In the Full Court of the Supreme Court, the majority supported the conclusion reached by Gray J. Their Honours held that it was not reasonably arguable that Gray J had erred in concluding that there had been a failure by the appellants to identify a defence to the charges under s 197A which was known to law[24].



Section 196(1) states that an unlawful non-citizen detained under s 189 "must be kept in immigration detention until" removal from Australia under s 198 or s 199, deportation under s 200 or the grant of a visa. Shortly before the South Australian Full Court decision, the Full Federal Court had held in NAMU of 2002 v Minister for Immigration and Multicultural and Indigenous Affairs[25] that "the factual consequences" of detention for a particular individual did not render s 196(1) invalid in its application to that individual.



The majority of the South Australian Full Court concluded that, even if by the documents production of which was sought there was disclosed "evidentiary material" within the meaning of the Magistrates Act which would support a case based on the harshness of conditions at Woomera, such a case could not provide a defence to the charges under s 197A. Lander and Besanko JJ said[26]:

"The [appellants] seek to argue that their detention at [Woomera] was unlawful because of the harshness of the conditions at [Woomera]. The status of the [appellants] as unlawful non-citizens is not challenged. The fact that in the first instance they were lawfully detained, pursuant to s 189 of [the Act], is not disputed. The [appellants] do not question the validity of any section of [the Act], particularly s 196 of the Act.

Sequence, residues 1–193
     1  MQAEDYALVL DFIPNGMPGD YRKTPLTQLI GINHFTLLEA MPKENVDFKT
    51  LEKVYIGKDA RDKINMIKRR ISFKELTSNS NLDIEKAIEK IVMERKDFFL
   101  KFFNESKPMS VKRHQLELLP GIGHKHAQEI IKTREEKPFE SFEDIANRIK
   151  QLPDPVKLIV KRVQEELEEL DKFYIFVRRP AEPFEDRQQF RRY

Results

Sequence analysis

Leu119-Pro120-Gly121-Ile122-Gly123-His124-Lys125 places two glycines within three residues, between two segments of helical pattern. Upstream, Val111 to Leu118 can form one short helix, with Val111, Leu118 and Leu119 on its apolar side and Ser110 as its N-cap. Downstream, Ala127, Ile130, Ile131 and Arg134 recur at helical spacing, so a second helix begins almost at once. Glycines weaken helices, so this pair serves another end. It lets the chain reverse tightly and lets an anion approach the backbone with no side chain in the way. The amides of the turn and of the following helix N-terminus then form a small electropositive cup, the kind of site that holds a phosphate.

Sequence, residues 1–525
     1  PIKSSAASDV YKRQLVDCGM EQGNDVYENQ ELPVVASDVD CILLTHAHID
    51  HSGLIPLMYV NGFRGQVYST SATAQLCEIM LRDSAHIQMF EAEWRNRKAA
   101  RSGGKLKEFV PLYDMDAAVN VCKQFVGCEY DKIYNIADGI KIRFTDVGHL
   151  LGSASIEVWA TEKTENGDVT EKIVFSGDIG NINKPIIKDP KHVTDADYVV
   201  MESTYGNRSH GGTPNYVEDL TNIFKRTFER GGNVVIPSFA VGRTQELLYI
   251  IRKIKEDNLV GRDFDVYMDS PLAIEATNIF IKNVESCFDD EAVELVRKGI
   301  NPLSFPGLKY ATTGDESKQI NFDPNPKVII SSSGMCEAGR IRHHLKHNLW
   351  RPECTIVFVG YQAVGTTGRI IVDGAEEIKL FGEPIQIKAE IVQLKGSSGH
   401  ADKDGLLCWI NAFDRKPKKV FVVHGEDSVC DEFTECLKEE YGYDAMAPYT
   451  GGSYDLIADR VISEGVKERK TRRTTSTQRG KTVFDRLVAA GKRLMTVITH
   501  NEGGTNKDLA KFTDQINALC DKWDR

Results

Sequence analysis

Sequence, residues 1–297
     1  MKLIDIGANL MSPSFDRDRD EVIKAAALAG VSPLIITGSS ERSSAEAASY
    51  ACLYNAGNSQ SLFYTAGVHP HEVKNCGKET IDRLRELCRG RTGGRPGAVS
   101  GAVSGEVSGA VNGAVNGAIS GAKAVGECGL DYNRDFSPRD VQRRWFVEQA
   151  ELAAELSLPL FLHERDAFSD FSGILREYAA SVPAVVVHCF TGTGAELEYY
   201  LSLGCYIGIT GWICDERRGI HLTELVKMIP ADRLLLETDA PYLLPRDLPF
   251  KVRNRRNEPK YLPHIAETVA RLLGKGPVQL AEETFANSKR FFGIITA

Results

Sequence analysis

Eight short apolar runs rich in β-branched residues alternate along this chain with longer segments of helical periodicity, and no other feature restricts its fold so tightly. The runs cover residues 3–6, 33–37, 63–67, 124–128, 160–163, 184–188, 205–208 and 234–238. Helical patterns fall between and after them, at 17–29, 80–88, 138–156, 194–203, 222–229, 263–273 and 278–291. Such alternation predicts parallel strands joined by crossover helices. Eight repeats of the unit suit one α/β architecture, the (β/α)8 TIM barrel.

Thus, it is not disputed that in being detained they were in immigration detention. There is no dispute that [Woomera] was established as an immigration detention centre pursuant to the Act.

We cannot see how it can be said that the harshness of the conditions at [Woomera] can lead to the conclusion that the [appellants] were no longer detainees or in some way they were no longer being held in immigration detention.

We do not accept that harshness of conditions in a detention centre means that a detention centre ceases to have the character of a detention centre by reason that the harshness of conditions is contrary to the power of detention in the Act.

Thus, we are of the opinion that even if the harshness of conditions was established that would not mean that any of the elements of this offence under s 197A of the Act would remain unproved."

The appeal to this Court



The appellant challenges the reasoning in that passage. No challenge is made to the decision of the Full Federal Court in NAMU, but it is said that the issue here differs. The issue is said to be not whether s 196(1) of the Act which mandates a continued detention is valid, given "the factual consequences" for particular detainees, but whether the Act "can and does authorize the kinds of conditions that prevailed at Woomera; and if not, whether the [appellant was] in valid immigration detention there". Gray J had noted that the materials before the Supreme Court did not provide information about conditions at Woomera "which directly affected or related to any of [the appellants]"[27].



Section 197A posits a "detainee", a term defined in s 5(1) as meaning "a person detained". The restraint by which or the place where the person is detained is the "immigration detention" from which it is made an offence to escape. The submissions on the appeal, for their success, require acceptance of the proposition that a person detained in what is other than "immigration detention" in the defined sense of that term is unconstrained by s 197A from escaping that detention.